Video calls are fun. As the saying goes, once you start you can’t stop. A recent survey by the Pew Internet & American Life Project found that 7 percent of us have placed a video call on our mobile device and 23 percent have done so their desktop or laptop. The mobile industry has been rallying for mobile video calling for years, but nothing has brought it to the fore as much as FaceTime from Apple. In true Apple fashion, the app just simply works. But in equal Apple fashion, FaceTime has its limitations and that’s where apps like Tango come in.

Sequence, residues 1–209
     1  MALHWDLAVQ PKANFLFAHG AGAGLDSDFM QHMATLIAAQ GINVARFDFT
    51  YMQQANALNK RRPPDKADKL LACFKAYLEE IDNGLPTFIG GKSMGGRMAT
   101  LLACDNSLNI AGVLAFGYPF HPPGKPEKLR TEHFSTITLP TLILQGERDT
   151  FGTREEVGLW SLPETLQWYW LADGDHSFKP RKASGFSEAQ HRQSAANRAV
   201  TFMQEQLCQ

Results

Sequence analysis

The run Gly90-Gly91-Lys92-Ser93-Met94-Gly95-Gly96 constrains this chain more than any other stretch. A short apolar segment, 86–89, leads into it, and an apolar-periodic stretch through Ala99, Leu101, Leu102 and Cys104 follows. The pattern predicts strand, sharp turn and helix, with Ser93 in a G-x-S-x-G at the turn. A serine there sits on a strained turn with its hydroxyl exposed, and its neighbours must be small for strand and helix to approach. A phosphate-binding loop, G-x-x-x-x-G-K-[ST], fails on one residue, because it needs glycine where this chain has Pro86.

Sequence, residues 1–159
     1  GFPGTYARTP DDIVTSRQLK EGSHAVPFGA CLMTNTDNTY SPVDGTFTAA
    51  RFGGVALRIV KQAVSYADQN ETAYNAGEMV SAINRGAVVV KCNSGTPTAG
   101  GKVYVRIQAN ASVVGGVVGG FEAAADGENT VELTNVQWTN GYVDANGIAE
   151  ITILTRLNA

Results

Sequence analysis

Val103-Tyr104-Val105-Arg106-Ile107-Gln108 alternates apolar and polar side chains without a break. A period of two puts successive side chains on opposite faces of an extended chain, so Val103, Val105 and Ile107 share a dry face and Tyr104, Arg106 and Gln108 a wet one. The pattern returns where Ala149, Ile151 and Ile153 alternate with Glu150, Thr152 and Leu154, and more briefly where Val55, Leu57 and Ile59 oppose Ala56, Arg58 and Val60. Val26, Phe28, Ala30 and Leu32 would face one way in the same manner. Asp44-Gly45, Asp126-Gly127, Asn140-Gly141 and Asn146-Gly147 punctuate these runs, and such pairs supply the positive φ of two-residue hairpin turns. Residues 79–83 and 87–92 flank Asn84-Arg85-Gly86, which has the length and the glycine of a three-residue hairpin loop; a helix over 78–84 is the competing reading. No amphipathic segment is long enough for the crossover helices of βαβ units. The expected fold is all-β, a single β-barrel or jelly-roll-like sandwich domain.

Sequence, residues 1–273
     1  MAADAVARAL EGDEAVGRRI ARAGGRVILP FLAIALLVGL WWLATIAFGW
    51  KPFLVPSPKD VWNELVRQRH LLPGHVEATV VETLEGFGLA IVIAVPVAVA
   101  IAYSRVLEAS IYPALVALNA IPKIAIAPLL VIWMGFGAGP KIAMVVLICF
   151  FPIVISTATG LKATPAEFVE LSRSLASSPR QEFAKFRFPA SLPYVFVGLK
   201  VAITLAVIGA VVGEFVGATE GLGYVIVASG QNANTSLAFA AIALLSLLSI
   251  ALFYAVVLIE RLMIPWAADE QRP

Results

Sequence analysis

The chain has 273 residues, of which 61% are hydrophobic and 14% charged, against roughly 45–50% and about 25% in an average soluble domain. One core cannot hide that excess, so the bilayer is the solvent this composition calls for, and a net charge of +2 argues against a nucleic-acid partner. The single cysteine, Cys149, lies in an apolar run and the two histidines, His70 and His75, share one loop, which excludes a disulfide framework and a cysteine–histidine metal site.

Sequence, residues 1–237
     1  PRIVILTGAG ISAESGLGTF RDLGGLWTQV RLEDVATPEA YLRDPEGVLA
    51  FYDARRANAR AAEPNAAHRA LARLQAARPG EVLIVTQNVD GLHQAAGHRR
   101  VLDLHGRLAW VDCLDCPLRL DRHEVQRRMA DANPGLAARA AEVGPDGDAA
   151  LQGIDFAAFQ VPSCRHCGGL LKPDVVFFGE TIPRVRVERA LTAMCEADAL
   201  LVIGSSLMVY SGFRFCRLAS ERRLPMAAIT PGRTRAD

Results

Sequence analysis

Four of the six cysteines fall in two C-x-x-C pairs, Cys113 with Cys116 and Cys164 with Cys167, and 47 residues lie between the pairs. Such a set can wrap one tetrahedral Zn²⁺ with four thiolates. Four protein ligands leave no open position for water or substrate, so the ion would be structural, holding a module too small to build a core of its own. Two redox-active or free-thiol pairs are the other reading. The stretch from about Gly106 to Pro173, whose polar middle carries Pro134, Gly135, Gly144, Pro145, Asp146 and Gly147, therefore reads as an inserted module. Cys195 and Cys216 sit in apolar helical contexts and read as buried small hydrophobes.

The power of simplicity and ease of use in mobile cannot be overstated. And if Tango is anything, it is simple. This app requires no account, it works via wireless networks (unlike FaceTime’s current reliance on Wi-Fi) and it will work on Apple- and Android-powered devices. When you first pull up the app, Tango asks for three bits of information: your phone number, your name and your e-mail address. This approach lets Tango users find each other based on the contact information they already have on each other without requiring them to share yet another account ID. After entering this information on the app running on an iPhone and Droid X, I didn’t initially see my other device listed as an available contact, but every synched up fine after a contact refresh. Now that the initial contact was established between devices, I always see the other contact in my list waiting to Tango. The video calls work pretty smooth on Tango, but there is some noticeable quality decline when I rely strictly on wireless networks. Regardless, it’s great to have the flexibility to place video calls on whatever connection I have, especially when I can reach iPhone and Android users. Tango’s true success will be measured by scale. And that will be tough because I expect this space to get incredibly crowded over the next couple years. But, if this app can get enough users and if the developers continue to build improvements and compatibility for even more platforms, Tango could become a significant player in the mobile video calling arena.